Marco Benevento experiments on the ivories

Marco Benevento has been whipping up a joyful maelstrom of heavily processed Hammond B-3 organ and Wurlitzer electric piano since first joining forces with drummer Joe Russo in 2002. Though the Benevento/Russo Duo remains active, a shift in focus has given Benevento free rein to explore acoustic piano on his more recent solo work. It's a new direction that places him squarely in the same modernist jazz camp as Radiohead-covering pianist Brad Mehldau and the Bad Plus' Ethan Iverson.

"You can call it post-jazz," the amiable pianist says in a phone conversation from his Brooklyn home while discussing his new disc, Me Not Me. "It evokes a theory of experimentation. It should have a question mark at the end of it. Post-jazz? What is that?" In Benevento's case, it's the nexus of his innovative approach and a gift for the tuneful reinvention of other artists' songs.

Me Not Me is primarily a collection of covers, and Benevento's unusual setup gives him an emotive palette with which to interpret an array of songwriters. He uses an acoustic guitar pickup to feed his piano's sound through effect pedals and into an old tube amp, conjuring a stunning array of otherworldly tones. This is augmented by an arsenal of circuit-bent toys and a loop station loaded with vintage analog keyboard samples. Though the recording includes three engaging originals ("Mephisto" sounds like a futuristic version of Joe Zawinul's signature ballad "Mercy Mercy Mercy") alongside classic songs by Leonard Cohen and George Harrison, half of the album finds the pianist putting his unique stamp on far more modern music.

Marco Benevento: Keyed in.
Michael Benevento
Marco Benevento: Keyed in.


Tuesdays in February at 8 and 10 p.m., $10-$16; 510-238-9200 or
Yoshi's in Oakland

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Benevento launches My Morning Jacket's pastoral "Golden" into orbit with dizzying, staticky textures and swirling mellotron. Ably backed by bassist Reed Mathis (Tea Leaf Green, ex-Jacob Fred Jazz Odyssey), and drummers Andrew Barr (the Slip) and Matt Chamberlain (Tori Amos, Bill Frisell), the piano man transforms the song into a distant interstellar transmission. The Deerhoof track "Twin Killers" opens with a thunderous beat and stuttering wash of white noise before moving into a rollicking, barrelhouse-piano reading of the angular tune. The flanged-out, fuzz-bass–powered take on the Knife's electropop hit "Heartbeats" stands out as another highlight.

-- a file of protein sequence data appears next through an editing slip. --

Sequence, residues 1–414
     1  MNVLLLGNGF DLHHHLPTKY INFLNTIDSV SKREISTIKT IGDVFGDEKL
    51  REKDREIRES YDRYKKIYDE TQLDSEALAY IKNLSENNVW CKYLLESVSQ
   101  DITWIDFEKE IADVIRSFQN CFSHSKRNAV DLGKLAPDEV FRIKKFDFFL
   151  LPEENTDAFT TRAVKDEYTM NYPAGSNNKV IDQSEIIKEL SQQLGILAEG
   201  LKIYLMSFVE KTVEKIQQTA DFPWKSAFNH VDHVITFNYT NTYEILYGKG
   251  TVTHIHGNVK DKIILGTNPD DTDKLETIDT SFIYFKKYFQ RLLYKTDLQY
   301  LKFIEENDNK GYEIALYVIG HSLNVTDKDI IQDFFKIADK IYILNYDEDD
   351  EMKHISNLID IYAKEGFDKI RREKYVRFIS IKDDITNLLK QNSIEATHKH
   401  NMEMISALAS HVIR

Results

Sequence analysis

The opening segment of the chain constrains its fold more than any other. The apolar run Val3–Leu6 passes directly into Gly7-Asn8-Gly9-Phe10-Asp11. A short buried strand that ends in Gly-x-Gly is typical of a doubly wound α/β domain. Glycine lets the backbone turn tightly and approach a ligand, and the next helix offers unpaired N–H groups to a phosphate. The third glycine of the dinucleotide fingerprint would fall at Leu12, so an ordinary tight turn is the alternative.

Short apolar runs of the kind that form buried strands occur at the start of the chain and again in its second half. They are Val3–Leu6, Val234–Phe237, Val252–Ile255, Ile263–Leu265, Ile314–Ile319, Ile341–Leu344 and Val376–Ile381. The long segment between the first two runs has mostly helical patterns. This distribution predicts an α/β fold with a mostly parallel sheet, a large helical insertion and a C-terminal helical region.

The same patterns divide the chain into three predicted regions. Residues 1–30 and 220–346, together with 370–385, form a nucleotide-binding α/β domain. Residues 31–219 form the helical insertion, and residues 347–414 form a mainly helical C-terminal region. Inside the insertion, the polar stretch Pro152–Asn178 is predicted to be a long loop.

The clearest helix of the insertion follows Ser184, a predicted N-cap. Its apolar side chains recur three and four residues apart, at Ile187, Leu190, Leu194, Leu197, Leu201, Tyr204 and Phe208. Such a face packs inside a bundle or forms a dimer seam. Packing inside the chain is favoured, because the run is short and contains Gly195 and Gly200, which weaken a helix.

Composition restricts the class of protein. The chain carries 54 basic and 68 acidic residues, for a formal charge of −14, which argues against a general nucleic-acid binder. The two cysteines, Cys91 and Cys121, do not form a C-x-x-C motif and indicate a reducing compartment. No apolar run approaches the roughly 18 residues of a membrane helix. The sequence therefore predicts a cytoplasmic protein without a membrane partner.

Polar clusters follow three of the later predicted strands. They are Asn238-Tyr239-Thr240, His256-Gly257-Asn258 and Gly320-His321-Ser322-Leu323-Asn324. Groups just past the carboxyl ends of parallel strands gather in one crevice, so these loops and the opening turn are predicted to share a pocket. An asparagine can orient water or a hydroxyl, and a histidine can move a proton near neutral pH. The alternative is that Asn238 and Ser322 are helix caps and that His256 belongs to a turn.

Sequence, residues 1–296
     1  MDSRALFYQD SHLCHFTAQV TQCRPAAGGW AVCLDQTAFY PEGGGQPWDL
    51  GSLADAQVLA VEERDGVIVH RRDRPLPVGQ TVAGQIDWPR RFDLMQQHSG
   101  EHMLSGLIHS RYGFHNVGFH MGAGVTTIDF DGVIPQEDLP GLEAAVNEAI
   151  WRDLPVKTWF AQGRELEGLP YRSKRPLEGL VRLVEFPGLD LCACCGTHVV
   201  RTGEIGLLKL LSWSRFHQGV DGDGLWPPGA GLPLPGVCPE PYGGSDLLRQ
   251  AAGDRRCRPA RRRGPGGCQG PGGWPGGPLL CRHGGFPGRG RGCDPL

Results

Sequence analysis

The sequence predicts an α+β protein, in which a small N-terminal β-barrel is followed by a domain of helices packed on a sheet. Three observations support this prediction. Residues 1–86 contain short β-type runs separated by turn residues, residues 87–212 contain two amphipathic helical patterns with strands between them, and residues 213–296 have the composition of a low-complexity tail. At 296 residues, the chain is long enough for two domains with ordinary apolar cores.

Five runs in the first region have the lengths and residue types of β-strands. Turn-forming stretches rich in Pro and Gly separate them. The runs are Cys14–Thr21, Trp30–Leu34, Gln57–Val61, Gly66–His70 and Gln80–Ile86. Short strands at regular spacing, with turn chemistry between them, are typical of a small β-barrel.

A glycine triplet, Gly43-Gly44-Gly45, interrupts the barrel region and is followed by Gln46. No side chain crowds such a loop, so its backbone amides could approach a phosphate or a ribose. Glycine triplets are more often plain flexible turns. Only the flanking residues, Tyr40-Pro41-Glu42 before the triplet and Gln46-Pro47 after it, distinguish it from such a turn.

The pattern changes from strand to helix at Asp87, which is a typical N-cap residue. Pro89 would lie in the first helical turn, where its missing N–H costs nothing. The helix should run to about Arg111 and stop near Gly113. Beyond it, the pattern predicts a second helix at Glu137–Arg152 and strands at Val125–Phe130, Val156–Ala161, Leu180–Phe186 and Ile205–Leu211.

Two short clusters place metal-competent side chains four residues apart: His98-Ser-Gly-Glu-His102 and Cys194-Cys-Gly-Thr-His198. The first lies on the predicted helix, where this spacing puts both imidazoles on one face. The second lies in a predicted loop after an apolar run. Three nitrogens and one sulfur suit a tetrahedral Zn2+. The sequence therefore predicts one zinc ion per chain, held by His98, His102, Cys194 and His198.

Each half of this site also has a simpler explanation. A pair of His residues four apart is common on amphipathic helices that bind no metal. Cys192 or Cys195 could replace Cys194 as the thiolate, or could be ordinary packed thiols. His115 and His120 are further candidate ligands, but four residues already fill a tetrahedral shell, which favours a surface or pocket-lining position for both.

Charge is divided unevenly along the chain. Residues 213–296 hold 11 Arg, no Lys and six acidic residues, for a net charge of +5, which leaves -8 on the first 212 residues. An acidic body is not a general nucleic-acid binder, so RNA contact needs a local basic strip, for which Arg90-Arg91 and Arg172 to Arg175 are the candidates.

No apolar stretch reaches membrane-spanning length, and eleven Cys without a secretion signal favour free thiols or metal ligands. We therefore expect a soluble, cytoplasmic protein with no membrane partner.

But for all of the unconventional arrangements and sonic adventurousness on the album, Benevento's memorable piano melodies and adherence to traditional song structure make Me Not Me an eminently accessible effort. "A lot of musicians, especially in the jazz world, tend to stretch the tune," he says. "This trio is more song-driven. We don't turn four-minute tunes into 16-minute tunes that often."

The keyboardist's month-long residency at Yoshi's in Oakland (his first such residency on the West Coast) will doubtless spotlight Me Not Me material, but it will also give fans a chance to hear the breadth of his scope, depending on the night. After an opening celebration Feb. 3, Benevento will showcase a two-drummer quartet with noted saxophonist Skerik, powerhouse percussionist G. Calvin Weston, and Bill Martin of Medeski, Martin & Wood fame on Feb. 10. On Feb. 17, he hits the stage as part of an improv-oriented group with Tortoise guitarist Jeff Parker. "I like to keep things open," Benevento says. "The residency I did in Sullivan Hall [in Manhattan] was the same kind of thing. When [trumpet player] Steven Bernstein said, 'So, what do you want to play?' I said, 'What do you mean? We'll just play!'" Expect no shortage of free-rock and post-jazz fireworks this month when this keyboard maverick appears at Yoshi's.

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